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Yourlastname 1 Student Name Professor Name Subject Date Medieval Medicine Usefulness Medicine is an irreplaceable aspect of our everyday

life. It guards health of numerous individuals and without it we would not have as much benefits as we have now. However, it was not always this way. Just a few hundred years ago the medications and treatments we obtain nowadays were unavailable and not existent. It was greatly possible for people to get a disease or infection, which would lead to lethal outcome. Most of the illnesses that used to haunt human kind ages ago are now curable thanks to the progress of science and medicine in particular. There are various periods of time and different leading views on medicine, which lead to what we have today. These include: prehistoric medicine, antiquity, medicine of the Greek and Roman, Middle Ages medicine, which was lead by Islamic Middle Ages and Scholastic medicine, Renaissance, Early Modern period, Rise of modern medicine in the 19th century, and the modern medicine of our days. Each of these eras of medicine development has brought something very special to the creation of the entire practice. In this paper the main emphasize and work focuses on the medicine of Middle Ages, as one of the most important ones, and the contributions it brought, as well as its usefulness during the time of its being. During the Medieval Ages medicine was versatile and complex. Unfortunately, with the fall of Roman Empire the medical knowledge dramatically declined, however works and books of the Romans and Greeks were greatly saved. Despite that, the knowledge of Medieval Ages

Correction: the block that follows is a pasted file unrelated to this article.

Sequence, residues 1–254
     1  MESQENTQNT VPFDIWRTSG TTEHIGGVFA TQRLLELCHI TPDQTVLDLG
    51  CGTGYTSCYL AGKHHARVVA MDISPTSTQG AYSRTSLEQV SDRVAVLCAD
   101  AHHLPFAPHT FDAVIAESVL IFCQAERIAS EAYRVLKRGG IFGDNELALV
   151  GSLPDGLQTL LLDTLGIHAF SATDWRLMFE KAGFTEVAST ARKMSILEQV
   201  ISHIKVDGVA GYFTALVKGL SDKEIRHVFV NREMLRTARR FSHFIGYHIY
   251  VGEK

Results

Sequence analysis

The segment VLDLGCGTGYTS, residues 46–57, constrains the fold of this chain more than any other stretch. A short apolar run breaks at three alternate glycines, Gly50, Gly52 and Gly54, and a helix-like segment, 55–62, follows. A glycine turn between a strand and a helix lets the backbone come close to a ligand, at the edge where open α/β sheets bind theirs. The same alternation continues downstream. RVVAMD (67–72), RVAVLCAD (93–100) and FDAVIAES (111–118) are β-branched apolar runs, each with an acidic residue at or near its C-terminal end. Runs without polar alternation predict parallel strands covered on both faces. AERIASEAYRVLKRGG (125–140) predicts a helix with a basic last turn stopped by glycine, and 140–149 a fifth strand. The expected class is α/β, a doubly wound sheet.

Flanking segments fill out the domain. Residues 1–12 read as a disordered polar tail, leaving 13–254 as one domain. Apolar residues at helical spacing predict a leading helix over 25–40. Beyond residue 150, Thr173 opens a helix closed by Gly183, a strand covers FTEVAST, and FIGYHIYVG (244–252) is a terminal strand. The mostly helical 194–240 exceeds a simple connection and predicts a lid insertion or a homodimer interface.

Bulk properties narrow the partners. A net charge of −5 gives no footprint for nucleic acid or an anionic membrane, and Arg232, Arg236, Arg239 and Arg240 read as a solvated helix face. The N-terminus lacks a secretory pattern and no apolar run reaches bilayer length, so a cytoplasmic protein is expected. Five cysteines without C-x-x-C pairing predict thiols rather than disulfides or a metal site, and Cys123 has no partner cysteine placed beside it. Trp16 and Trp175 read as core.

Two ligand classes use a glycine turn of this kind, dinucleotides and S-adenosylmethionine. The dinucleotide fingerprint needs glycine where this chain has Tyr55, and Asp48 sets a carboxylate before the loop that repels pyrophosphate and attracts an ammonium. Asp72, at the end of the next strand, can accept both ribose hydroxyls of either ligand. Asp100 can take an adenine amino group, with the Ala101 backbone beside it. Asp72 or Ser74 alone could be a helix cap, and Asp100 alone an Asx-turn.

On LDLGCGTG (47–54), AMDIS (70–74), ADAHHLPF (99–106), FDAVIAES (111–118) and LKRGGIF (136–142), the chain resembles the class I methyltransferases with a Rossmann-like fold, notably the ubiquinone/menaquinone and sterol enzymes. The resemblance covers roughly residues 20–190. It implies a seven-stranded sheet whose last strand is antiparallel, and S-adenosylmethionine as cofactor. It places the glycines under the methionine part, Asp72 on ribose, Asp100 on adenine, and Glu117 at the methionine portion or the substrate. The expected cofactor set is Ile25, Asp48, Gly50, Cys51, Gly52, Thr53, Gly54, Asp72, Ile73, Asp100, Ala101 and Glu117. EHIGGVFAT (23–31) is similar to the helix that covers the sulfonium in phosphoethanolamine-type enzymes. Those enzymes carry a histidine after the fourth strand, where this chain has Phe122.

Yourlastname 2 was filled with superstition and supposition, rather than prior scientific knowledge and experience. The process of treating relied on the abilities and skills of different classes of medical professionals of that era according to the socio-economic status a patient belonged to. Although largely the practices and procedures consisted of herbal medications and remedies, prayers, charms and spells, there are also some notes in the history of surgeries being performed and cures being found. The very first medical university was founded during the Medieval Ages, more specifically in 10th century, in Salerno, Italy. Despite the fact that most of the lectures and studies were quite rudimentary, some works of greatest physicians of antique era were preserved and passed on. Much like the physicians from the Ancient Greece, the brightest minds of Medieval Ages believed that the body consists of four most important humors: sanguine or blood, choler, phlegm, and melancholia. The greatest influence of these times was Hippocrates who has set that belief. Alongside humors, demons, spirits, bad smells, astrology and stars, destiny, and so on were responsible for sicknesses. The primary cause and reason for occurrence of illnesses they found to be in the imbalance of these humors. After finding out which humor was responsible for the disease they would attempt to fix the problem with spells and herbal medications to put everything back into balance. Formation of the first medical institution is considered a great step in the creation of the entire process of studying and researching medicine and while the methods and beliefs may seem nothing like what we know today, knowing them gives us a sense of trials and errors as well as description of numerous illnesses and methods that actually worked and saved lives. The first hospitals were established during this era as well; largely open to the traveling pilgrims, old, and disabled.